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The Masked Tulip

Asking Prices 74K More Than Selling Price

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In the past month we have had a few reports stating that asking prices are on average 74K more than the average selling price?

How does that work then?

Does it mean that the average house price - what is it, about 166K? - is on the market for 240K and people are driving down the 240K to 166K? Can't see that happening otherwise we would have better signs of a crash.

Does it mean, on average, people are taking about 74K off the asking prices? So a 300K asking price house goes for 226K? Again, can't see that happening?

Then you have the cases, often reported on here, of sellers and EAs saying that they are open to offers and by that they mean perhaps 5K off the 200K asking price.

Anyhow, Rightmove has made a big thing of the difference between the average asking price and selling price being 74K but where, how, when? If this is an average then surely it means some are going for a lot less than asking price - f so, why aren't us on HPC seeing more evidence of this?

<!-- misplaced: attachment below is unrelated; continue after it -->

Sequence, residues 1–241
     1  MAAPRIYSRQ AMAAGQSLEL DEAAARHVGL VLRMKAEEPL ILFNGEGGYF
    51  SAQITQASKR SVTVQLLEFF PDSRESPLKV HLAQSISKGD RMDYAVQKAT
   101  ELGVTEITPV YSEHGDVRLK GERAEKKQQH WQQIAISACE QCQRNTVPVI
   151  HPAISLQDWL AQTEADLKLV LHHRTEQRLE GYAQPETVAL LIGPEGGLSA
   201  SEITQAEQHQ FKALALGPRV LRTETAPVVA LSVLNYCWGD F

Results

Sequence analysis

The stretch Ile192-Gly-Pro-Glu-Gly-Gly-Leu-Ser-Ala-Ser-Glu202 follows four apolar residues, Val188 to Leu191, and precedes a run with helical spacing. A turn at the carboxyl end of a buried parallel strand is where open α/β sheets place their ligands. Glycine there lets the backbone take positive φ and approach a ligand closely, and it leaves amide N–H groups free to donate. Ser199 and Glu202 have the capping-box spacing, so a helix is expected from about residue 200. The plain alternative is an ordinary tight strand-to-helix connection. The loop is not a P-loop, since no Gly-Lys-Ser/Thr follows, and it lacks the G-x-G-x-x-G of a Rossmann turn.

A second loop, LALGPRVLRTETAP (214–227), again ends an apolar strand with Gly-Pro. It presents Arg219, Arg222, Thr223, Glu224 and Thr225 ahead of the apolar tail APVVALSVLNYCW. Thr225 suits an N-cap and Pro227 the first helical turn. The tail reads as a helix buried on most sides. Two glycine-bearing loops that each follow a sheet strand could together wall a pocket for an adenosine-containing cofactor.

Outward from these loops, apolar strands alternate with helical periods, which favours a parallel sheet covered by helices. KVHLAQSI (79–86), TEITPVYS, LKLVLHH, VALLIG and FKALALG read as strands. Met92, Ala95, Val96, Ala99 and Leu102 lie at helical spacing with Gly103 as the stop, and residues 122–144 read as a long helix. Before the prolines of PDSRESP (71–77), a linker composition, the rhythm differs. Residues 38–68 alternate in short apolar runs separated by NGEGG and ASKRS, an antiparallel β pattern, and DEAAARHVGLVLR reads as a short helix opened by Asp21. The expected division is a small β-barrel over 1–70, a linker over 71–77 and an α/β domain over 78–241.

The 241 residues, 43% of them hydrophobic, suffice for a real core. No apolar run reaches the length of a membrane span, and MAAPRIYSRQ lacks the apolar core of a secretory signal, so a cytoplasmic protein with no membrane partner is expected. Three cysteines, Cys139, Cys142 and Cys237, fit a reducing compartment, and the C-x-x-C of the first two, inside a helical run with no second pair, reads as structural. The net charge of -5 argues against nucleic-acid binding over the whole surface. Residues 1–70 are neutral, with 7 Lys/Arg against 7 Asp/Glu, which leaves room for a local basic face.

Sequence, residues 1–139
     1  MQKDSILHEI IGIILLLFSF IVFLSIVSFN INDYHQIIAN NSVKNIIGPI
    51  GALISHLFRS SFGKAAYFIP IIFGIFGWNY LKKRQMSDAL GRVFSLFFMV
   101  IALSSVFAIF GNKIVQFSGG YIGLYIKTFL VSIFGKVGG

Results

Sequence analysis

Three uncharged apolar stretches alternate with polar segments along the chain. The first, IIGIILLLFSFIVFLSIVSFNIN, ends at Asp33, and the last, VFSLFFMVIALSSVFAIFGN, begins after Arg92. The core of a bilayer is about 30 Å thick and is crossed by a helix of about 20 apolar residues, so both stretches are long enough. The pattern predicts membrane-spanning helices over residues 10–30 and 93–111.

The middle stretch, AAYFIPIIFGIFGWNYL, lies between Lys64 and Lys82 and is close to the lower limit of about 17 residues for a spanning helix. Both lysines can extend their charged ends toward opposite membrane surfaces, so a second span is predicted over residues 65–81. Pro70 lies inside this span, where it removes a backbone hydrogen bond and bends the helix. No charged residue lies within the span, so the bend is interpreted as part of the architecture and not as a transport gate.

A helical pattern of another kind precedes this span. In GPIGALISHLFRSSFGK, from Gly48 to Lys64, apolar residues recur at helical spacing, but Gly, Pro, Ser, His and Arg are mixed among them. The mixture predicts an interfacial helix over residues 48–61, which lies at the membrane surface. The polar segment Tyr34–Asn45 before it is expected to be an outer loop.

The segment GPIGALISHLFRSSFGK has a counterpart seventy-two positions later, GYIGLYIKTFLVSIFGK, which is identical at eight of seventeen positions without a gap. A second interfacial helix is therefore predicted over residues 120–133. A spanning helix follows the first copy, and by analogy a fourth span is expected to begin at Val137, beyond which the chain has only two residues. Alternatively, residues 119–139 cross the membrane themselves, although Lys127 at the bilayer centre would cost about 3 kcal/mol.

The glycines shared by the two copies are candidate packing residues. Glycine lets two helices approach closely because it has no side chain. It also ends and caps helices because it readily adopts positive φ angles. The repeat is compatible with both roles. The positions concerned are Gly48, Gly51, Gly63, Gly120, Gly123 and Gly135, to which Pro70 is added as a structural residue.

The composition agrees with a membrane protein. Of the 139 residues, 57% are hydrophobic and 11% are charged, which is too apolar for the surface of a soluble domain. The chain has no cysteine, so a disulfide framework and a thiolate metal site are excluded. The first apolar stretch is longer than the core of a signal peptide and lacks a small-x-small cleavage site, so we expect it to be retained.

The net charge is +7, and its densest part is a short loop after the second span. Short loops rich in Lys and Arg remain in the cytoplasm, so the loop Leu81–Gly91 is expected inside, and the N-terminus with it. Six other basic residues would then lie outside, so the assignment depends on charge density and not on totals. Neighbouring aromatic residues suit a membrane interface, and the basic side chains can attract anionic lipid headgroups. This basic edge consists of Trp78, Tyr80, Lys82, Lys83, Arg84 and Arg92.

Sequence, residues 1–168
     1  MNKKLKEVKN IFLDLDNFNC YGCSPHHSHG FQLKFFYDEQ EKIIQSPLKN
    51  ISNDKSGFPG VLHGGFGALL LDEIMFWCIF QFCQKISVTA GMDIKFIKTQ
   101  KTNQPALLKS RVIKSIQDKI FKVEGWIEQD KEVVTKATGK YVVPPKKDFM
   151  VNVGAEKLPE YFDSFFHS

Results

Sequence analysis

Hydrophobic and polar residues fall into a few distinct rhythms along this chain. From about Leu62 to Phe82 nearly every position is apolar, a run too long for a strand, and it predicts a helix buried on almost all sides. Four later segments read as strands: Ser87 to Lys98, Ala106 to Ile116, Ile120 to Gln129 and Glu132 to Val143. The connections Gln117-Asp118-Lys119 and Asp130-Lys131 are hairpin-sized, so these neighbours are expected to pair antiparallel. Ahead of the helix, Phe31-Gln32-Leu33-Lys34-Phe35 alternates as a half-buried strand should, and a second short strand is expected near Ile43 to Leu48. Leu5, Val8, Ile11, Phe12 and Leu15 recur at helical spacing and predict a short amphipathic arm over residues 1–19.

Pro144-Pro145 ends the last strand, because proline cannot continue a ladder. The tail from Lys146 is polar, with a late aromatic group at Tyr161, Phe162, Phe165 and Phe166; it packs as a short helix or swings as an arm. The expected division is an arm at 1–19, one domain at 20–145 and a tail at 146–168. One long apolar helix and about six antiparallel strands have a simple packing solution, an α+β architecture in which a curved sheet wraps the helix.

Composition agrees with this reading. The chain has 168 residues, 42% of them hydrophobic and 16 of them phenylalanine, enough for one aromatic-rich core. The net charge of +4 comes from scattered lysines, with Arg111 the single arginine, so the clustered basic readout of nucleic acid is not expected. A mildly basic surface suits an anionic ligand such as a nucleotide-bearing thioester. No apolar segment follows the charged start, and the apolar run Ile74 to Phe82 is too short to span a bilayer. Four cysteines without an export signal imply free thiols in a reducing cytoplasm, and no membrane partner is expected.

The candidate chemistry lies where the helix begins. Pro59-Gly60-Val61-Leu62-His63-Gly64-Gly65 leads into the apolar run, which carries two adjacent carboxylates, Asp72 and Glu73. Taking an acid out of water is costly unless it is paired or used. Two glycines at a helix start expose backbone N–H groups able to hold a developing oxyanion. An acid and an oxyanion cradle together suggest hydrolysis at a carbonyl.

Is it all ******?

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You don't seem to be allowing for a £5m house going for say £4.5m and the effect that will have on the "average"

Surely it won't have any more effect than the £5M asking price and the £4.5M selling price have on their averages, so that should all cancel itself out.

I'm with the OP on this one. Either something doesn't add up, or we are missing out on a phenomenon going on underneath our noses

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I asked this in another thread, but didn't get an answer:

So let me get this right. Average asking prices are £236k and selling prices are £165k, that's 30% off. So buyers should be offering 30% less (or even more if they want to meet in the middle when negotiating) than advertised prices?

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I would suspect that Rightmove are measuring different things from Land Registry. I understand their figures have a bias to the south where prices are higher. Whatever the reason, it demeans Rightmove's figures when they are so far from reality.

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I would suspect that Rightmove are measuring different things from Land Registry. I understand their figures have a bias to the south where prices are higher. Whatever the reason, it demeans Rightmove's figures when they are so far from reality.